Snap shares plummeted more than 25% in extended trading on Thursday after the social media company reported disappointing second-quarter results and said it plans to slow hiring as it reckons with weakening revenue growth.
Co-founders Evan Spiegel, the CEO, and technology chief Bobby Murphy agreed to new employment contracts that will keep them in their jobs through at least January 2027.
Here’s how the company did:
- Earnings per share: A loss of 2 cents, adjusted, versus expected loss of 1 cent, according to a Refinitiv survey of analysts
- Revenue: $1.11 billion versus $1.14 billion expected, according to Refinitiv
- Global Daily Active Users (DAUs): 347 million versus 344.2 million expected, according to StreetAccount
In its investor letter, Snap said it’s not providing guidance for the third quarter because “forward-looking visibility remains incredibly challenging.” The company said that revenue so far in the period is “approximately flat” from a year earlier. Analysts were expecting sales growth of 18% for the third quarter, according to Refinitiv.
“We are not satisfied with the results we are delivering, regardless of the current headwinds,” the company said in the letter.
It’s the latest chapter in a tough year for Snap, whose stock has lost almost two-thirds of its value in 2022. In May, Snap said it wouldn’t meet the second-quarter guidance it set the prior month, leading to a 43% plunge in the share price. At the time, Snap cited a macroeconomic environment that was deteriorating much faster than expected.
Even with the reduced guidance, Snap still missed estimates. Revenue increased 13% from a year ago, while analysts were expecting growth of 16%.
“The second quarter of 2022 proved more challenging than we expected,” Snap said in the investor letter. The company said it now plans to “substantially slow our rate of hiring, as well as the rate of operating expense growth.”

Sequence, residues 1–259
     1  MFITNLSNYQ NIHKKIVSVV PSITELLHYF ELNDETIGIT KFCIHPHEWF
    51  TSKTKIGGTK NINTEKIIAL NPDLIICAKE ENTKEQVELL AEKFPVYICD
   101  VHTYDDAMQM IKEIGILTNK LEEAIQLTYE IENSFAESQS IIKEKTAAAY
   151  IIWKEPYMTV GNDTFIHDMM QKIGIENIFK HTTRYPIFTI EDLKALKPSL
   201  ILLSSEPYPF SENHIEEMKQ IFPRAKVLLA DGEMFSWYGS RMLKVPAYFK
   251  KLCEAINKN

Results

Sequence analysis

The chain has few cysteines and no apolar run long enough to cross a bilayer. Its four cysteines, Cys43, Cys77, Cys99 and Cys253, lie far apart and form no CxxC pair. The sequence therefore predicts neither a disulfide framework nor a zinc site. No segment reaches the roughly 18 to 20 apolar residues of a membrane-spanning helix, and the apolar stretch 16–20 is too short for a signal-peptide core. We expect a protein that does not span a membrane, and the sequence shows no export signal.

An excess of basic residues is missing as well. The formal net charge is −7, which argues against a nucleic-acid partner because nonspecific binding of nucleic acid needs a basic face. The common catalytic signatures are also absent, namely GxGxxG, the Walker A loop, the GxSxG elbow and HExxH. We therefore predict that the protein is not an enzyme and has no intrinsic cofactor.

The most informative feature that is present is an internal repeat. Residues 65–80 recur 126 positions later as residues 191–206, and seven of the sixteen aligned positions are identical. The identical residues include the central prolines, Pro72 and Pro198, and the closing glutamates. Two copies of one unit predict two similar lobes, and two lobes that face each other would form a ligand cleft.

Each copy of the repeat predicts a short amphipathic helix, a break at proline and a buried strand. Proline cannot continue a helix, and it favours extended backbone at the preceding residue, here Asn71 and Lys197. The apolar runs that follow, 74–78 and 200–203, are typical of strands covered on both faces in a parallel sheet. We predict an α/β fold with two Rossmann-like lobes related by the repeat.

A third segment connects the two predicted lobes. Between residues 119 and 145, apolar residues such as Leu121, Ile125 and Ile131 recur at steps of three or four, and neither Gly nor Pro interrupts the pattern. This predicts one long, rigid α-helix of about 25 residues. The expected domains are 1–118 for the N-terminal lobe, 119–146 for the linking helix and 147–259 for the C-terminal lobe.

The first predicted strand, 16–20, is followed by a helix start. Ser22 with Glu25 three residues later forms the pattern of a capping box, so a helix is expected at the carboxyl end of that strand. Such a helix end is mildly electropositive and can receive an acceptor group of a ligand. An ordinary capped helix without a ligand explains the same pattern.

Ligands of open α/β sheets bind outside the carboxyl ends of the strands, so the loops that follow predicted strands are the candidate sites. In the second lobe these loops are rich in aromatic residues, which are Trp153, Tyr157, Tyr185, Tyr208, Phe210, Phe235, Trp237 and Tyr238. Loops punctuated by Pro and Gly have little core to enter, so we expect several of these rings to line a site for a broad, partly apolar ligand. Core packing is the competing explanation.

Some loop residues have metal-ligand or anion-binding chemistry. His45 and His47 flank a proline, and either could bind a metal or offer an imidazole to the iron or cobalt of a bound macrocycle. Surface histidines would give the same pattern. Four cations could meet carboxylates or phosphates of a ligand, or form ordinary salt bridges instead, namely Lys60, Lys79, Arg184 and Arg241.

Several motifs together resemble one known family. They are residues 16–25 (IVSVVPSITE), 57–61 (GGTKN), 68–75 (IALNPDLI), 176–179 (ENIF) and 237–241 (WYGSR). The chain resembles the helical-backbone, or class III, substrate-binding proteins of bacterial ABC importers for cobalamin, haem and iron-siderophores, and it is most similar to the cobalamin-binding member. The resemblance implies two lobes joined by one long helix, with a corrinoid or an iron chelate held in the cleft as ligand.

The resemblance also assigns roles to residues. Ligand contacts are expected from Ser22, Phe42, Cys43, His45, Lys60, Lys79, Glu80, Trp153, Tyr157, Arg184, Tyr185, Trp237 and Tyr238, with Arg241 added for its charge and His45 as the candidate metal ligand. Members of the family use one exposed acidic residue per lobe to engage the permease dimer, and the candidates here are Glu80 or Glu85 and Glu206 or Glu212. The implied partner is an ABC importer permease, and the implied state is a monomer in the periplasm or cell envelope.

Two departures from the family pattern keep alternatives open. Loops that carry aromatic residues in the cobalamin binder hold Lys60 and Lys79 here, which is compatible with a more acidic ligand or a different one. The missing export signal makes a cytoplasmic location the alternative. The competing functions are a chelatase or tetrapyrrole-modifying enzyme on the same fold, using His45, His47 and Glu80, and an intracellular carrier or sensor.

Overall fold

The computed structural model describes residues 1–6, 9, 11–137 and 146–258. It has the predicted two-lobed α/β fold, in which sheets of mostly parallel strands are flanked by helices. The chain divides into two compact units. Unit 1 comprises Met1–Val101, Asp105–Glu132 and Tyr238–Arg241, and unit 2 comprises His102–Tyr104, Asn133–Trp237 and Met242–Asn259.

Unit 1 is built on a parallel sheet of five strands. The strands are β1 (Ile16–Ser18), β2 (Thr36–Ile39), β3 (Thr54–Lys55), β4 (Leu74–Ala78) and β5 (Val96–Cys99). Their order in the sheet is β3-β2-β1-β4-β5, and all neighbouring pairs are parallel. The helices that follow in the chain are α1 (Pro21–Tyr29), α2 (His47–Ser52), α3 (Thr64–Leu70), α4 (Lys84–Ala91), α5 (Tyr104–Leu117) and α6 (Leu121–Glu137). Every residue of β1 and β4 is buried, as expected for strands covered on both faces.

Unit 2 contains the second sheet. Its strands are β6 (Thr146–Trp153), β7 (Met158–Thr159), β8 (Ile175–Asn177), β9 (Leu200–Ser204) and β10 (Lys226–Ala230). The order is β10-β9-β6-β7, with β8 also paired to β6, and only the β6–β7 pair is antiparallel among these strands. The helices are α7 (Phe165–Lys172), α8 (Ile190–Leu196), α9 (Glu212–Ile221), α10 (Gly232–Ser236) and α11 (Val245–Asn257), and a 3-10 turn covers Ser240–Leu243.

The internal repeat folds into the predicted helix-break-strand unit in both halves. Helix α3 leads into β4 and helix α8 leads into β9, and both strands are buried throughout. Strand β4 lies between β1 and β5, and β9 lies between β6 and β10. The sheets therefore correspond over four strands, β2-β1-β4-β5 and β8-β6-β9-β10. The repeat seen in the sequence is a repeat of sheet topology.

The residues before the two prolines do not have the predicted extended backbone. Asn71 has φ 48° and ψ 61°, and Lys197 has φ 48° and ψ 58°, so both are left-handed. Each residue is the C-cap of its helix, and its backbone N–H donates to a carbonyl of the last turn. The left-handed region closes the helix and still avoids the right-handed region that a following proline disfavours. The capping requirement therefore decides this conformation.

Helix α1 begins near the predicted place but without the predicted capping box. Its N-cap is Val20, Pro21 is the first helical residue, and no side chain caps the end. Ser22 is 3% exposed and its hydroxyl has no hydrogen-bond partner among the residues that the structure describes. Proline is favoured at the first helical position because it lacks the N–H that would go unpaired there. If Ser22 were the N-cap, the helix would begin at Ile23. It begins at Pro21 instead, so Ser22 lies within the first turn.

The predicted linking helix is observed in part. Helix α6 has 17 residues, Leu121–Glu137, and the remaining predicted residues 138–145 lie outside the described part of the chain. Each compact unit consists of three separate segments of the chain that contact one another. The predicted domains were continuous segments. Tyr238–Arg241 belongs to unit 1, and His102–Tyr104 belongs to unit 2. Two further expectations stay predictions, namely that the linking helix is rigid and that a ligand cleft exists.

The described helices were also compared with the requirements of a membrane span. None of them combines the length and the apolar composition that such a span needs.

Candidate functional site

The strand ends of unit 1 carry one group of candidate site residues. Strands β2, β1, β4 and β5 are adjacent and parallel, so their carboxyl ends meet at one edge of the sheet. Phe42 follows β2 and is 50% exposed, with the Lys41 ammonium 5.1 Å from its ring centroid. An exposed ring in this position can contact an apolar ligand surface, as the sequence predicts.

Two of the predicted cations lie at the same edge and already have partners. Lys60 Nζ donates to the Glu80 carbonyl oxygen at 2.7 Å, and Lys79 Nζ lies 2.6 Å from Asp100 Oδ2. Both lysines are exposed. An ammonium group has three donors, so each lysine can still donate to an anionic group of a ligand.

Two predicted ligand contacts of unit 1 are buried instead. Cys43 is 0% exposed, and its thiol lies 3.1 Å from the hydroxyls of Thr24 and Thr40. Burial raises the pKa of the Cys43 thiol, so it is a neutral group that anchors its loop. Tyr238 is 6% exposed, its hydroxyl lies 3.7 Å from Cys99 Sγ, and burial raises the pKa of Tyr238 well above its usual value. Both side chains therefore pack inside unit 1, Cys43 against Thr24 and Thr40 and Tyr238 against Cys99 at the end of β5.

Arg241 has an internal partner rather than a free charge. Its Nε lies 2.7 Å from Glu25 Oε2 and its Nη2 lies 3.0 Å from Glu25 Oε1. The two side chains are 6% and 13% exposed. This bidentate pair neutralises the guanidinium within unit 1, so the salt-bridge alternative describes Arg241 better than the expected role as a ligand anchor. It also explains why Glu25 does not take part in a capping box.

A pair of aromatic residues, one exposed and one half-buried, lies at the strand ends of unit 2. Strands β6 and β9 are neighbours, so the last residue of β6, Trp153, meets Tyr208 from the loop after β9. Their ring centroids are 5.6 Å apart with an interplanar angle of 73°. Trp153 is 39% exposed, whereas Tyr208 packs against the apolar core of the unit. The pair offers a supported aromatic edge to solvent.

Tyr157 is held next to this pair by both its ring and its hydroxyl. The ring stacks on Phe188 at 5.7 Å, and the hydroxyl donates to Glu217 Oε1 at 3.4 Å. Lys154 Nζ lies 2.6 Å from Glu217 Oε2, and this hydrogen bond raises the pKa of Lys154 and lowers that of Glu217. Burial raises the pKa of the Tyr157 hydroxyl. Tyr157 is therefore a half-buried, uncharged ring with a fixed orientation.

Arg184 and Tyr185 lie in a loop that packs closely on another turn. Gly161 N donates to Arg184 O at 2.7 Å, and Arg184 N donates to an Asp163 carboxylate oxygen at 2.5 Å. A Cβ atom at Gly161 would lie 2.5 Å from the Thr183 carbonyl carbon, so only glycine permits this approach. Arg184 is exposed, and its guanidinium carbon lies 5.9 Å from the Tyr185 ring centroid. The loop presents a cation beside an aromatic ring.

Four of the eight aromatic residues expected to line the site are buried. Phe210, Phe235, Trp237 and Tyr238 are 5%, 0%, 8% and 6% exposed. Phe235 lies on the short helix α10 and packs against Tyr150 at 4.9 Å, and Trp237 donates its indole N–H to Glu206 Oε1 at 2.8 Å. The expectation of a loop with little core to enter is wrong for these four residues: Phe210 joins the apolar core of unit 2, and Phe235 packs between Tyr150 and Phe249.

Snap attributed its disappointing results to slowing demand for its online ad platform. Additionally, a challenging economy, Apple’s 2021 iOS update and increased competition from companies like TikTok have led marketers to pull back on their spending.
Snap said that even some relatively healthy businesses were curbing their commitments because of the “input cost pressure due to inflation.”
“In certain high-growth sectors, businesses are reassessing investment levels amid the rising cost of capital, which is further reflected in campaign budgets and the level of bids per action,” Snap said.
Snap also announced a stock repurchasing program of up to $500 million. And for their new employment contracts, Spiegel and Murphy will receive an annual salary of $1 and no equity compensation.
Earlier this week, Snap debuted Snapchat for Web, a desktop version of the mobile Snapchat app that people can use to send messages and make video calls with their Snap contacts.
Snap revealed new desktop app shortly after it debuted its Snapchat+ paid subscription plan, which costs $3.99 a month and lets people access early features and see who has viewed their Snaps.
Meta and Pinterest shares fell 5% in after-hours trading on Thursday while Alphabet shares declined 2.9% and Twitter dropped 1.5%.
Snap’s market cap peaked at $136 billion in September. Based on after-hours pricing, the company is now worth $20 billion.
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